Maryland Hospital Malpractice Lawyers | Hospital-Acquired Infections DecreaseDecember 4, 2013
People often go to a hospital with legitimate fears. They worry about the success of an operation, how long recovery might take or when they can be well enough to get back to work. It can be devastating when an unanticipated outcome, such as a hospital-acquired infection (HAI), ends up causing additional serious injury. The good news is that the rate of HAIs has finally gone down — but the number of people who become seriously ill or die because hospital staff neglected to take simple measures to protect against the spread of dangerous germs is still much too high.
The U.S. Centers for Disease Control and Prevention (CDC) announced that there was a 50 percent decrease in HAIs in the five years between 2005 and 2011. The most common HAIs include:
- Staphylococcus aureus, or staph
- Methicillin-resistant staph (MRSA)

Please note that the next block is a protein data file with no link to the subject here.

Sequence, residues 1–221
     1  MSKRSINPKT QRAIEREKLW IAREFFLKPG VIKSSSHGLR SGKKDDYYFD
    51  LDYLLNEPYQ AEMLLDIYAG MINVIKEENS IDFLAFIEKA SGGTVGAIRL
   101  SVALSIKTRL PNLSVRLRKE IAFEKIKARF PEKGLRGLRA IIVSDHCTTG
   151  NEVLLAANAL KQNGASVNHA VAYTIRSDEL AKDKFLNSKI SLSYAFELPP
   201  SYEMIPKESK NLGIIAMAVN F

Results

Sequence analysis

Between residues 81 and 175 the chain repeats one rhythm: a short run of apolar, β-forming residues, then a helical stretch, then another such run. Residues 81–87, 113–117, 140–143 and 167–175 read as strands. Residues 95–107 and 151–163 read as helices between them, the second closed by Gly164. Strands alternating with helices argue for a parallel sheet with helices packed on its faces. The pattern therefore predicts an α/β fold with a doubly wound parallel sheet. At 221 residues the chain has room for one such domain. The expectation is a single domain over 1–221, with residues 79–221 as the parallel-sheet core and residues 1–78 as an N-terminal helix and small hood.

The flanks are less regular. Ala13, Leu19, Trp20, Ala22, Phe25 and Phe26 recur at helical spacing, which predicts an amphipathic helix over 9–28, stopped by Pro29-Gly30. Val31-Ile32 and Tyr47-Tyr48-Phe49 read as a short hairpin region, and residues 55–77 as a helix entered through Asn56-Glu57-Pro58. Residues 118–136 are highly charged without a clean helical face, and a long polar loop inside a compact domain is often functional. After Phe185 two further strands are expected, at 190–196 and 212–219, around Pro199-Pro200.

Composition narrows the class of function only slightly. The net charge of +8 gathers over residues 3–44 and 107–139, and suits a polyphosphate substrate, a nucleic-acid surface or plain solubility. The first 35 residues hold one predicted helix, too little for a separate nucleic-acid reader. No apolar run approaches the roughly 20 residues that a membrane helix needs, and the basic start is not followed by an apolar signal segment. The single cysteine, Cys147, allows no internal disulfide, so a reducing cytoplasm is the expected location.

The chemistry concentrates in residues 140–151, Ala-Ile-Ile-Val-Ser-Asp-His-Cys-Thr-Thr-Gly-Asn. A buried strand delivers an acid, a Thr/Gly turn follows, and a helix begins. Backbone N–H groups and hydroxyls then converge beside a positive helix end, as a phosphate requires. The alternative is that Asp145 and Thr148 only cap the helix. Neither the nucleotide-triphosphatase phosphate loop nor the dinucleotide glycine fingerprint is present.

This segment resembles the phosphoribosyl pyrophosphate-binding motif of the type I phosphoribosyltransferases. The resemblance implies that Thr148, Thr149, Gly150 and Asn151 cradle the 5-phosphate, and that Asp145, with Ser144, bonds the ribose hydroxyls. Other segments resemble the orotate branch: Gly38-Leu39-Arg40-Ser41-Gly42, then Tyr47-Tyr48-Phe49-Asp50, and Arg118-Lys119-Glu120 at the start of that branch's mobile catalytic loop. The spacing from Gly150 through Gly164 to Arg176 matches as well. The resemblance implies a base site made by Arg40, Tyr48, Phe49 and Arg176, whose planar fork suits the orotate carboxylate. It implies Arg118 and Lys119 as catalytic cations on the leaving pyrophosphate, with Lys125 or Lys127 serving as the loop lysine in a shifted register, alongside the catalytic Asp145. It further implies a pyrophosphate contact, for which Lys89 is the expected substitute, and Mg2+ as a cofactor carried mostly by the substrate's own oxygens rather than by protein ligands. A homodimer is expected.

- Urinary tract infections
The CDC was most concerned about the rates of antibiotic-resistant staph infection. MRSA can cause skin infections or can affect major organs, joints and bones if it enters the bloodstream, and can be a serious problem for patients who have weak immune systems. The number of reported HAI MRSA cases fell from 111,300 in 2005 to 80,500 in 2011, probably due to changes in hospital policies and procedures — including making it mandatory for all staff to wash their hands frequently. It is also possible that staph germs have become less invasive.
The tragic fact about HAIs is that most are preventable. If you have been seriously harmed by an infection acquired during a hospital stay, you may be able to sue for medical malpractice damages. Call the skilled Maryland hospital malpractice lawyers at LeViness, Tolzman & Hamilton, P.A. to discuss your legal options.